Yet, with the guidance of the Apostles and the disciples, whose successors continue to do the good works of steering the Church of God, namely through the successor of St. Peter, the fisherman, who is our Pope now, the Church remains a great destination for many of the people lost in the darkness, and it becomes a beacon of light for them to find their way to God. And the fishermen, the successors of the Apostles and disciples of Christ, our priests and bishops worked to bring the people of God back to Him, as the fishers of men.

Brothers and sisters in Christ, however we cannot be idle ourselves, as our priests and bishops cannot possibly do everything on their own without our help and support. If they are the fishers of men, the ones on the ship who handle the net and the fish, then we are like those helpers and workers who keep the ship steady and strong even when it is battered by a strong wind and gale, as well as strong waves of the sea.

And God also challenged us all to do more, by saying to His disciples, ‘Duc in Altum’, which is the phrase translated to Latin, and then to our language today as ‘To go into the deep’. And this highlighted to us all the very fact that fishes mostly lie far into the sea and deep within the ocean waters, and many live far from the surface. Therefore, in order to get more fish, the fishers have to go to deeper waters and cast their nets to deeper waters.

This means that, we cannot just lie in our comfort zone and wait for the people of God to come to us in repentance. The many tricks and ways of the devil to confound mankind are simply able to prevent many souls from ever reaching the Lord through the Church, because the lies and the machinations of Satan would be able to close their hearts and their senses from ever being opened to receive the Lord.

Brothers and sisters in Christ, therefore let us all think about what had happened in our own lives. Have we done our part as the disciples of our Lord Jesus Christ? Have we been proactive in our faith, taking the initiative to seek our lost brothers and sisters who are still engulfed in the darkness of the world and languished under the tyranny and power of Satan?

Therefore, let us all ‘go into the deep’, and work hard to help one another, especially those who truly need it, so that more and more souls, the ‘fishes’ of the Lord may be saved and that mankind may all come to the Lord and praise Him together as one people lifted up from sin and darkness into the light. May Almighty God guide us in our works and in our endeavours, and protect us so that we may continue to do our best to help each other in seeking the Lord. God bless us all. Amen.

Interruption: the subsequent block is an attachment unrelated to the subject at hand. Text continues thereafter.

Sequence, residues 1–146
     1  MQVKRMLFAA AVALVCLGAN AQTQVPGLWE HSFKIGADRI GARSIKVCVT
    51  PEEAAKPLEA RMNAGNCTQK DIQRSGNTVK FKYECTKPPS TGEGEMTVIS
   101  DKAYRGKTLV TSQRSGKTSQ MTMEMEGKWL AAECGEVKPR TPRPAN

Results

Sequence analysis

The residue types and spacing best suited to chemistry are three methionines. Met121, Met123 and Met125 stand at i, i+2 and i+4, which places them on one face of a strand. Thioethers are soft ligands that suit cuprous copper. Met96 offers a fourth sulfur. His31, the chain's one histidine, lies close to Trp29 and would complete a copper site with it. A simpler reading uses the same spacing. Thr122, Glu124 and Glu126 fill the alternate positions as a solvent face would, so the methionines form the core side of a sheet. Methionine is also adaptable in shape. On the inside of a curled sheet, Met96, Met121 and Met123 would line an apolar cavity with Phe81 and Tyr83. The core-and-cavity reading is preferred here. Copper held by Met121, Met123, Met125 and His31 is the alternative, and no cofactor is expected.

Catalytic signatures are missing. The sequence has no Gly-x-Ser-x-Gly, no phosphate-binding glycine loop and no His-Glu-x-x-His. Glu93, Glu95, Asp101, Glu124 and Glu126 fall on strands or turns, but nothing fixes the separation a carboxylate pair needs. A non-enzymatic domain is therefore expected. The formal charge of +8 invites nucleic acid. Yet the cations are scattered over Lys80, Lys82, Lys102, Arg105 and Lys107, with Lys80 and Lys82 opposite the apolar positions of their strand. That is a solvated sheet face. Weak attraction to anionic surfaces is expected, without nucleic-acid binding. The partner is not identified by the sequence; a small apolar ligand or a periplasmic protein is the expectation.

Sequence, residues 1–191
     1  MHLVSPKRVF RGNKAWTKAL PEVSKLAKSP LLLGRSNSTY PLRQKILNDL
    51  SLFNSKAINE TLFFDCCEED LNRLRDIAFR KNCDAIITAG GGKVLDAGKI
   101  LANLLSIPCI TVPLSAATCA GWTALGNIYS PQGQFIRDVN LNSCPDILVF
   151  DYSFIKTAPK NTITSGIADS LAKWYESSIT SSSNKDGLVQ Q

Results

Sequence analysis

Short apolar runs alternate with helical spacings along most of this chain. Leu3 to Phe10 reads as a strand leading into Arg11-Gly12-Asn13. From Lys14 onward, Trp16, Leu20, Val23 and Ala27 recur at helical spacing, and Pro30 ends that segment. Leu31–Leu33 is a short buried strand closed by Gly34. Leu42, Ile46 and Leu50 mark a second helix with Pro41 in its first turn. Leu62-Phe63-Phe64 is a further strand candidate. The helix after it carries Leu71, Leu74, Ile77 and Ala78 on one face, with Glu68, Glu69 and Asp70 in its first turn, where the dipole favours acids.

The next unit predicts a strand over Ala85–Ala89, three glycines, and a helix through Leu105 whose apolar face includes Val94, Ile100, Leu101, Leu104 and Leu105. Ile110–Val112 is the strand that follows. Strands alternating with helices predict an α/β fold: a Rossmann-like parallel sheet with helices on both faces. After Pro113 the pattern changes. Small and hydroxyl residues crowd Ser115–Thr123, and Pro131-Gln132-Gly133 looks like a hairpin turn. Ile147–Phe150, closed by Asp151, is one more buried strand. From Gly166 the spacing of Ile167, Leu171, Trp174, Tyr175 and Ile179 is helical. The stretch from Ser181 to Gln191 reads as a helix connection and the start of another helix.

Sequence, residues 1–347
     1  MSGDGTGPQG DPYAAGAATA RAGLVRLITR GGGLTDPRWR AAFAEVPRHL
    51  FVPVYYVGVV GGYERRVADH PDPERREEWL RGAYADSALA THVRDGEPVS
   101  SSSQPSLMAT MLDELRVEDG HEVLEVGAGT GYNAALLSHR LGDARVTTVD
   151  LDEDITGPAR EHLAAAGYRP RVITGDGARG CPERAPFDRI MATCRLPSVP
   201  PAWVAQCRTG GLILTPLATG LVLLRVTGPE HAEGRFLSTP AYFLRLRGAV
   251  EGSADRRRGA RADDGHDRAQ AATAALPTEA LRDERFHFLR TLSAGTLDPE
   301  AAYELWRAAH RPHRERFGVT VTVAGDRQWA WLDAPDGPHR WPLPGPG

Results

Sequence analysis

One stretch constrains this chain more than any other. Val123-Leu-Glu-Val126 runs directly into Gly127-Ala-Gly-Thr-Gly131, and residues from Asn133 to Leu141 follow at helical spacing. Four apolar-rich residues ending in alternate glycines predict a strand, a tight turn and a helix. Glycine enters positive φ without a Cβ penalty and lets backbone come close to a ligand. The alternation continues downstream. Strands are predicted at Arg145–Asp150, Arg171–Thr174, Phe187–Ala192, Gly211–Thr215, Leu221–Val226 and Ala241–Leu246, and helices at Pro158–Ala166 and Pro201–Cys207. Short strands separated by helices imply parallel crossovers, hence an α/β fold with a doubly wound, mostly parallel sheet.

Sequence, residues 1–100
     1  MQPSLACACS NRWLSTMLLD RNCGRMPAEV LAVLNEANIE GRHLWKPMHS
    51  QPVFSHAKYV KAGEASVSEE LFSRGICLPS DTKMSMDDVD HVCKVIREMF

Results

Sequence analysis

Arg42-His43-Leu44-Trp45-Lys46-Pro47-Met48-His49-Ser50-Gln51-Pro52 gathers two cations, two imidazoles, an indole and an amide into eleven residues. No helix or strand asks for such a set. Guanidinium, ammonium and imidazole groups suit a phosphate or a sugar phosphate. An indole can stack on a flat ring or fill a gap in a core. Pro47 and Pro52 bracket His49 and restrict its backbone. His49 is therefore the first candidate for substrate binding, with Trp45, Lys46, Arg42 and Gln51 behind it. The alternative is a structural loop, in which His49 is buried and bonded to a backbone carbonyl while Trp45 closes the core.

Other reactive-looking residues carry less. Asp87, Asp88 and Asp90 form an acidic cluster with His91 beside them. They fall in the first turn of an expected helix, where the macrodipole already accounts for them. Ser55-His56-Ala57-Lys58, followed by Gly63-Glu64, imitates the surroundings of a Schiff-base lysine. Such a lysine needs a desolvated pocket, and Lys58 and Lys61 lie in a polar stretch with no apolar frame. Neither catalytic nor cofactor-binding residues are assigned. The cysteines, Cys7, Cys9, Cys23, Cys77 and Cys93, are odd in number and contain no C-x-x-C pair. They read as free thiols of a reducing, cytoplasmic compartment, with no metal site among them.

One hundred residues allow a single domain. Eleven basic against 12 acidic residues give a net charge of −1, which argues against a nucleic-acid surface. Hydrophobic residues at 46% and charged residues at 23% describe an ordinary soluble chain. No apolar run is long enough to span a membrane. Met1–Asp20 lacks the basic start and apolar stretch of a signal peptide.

Sunday, 10 August 2014 : 19th Sunday of Ordinary Time (Gospel Reading)

Liturgical Colour : Green

Matthew 14 : 22-33

Immediately Jesus obliged His disciples to get into the boat and go ahead of Him to the other side, while He sent the crowd away. And having sent the people away, He went up the mountain by Himself to pray. At nightfall, He was there alone.

Meanwhile, the boat was very far from land, dangerously rocked by the waves, for the wind was against it. At daybreak, Jesus came to them walking on the sea. When they saw Him walking on the sea, they were terrified, thinking that it was a ghost. And they cried out in fear.

But at once Jesus said to them, “Courage! Do not be afraid. It is Me!” Peter answered, “Lord, if it is You, command me to come to You walking on the water.”

Jesus said to him, “Come!” And Peter got out of the boat, and walked on the water to go to Jesus. But seeing the strong wind, he was afraid and began to sink, and he cried out, “Lord, save me!”

Jesus immediately stretched out His hand and took hold of him, saying, “Man of little faith, why did you doubt?” As they got into the boat, the wind dropped. Then those in the boat bowed down before Jesus, saying, “Truly, You are the Son of God!”

Monday, 14 July 2014 : 15th Week of Ordinary Time, Memorial of St. Camillus de Lellis, Priest (Scripture Reflections)

Liturgical Colour : Green

Brothers and sisters in Christ, it is easy to misunderstand what Jesus meant when He said that, He did not come to bring peace into the world, but conflict and discord. It is easy to misinterpret what Jesus meant and find contradiction with it, if we do not understand what He truly meant in His words. In fact, Jesus mentioned the apparent contradiction that exists always between Him and His ways, with the ways of this world.

The contradiction and all the opposition is the cause behind the discord and disunity that will exist between those who follow Christ and those who follow the ways of the world, which is really the ways of Satan, rebelliousness and disobedient behaviour against the Lord and His gracious order and kindness. This contradiction arises because the Lord cannot possibly tolerate the ways of those who are openly in rebellion against His will.

This is the meaning of why the Lord came not to establish an everlasting peace, but to unearth the discord and opposition of the world against Himself. It is not to be until the end of days, when the Lord will judge all creations and cast away all things wicked and evil away from His presence for eternity, then there will be a true, genuine and everlasting peace.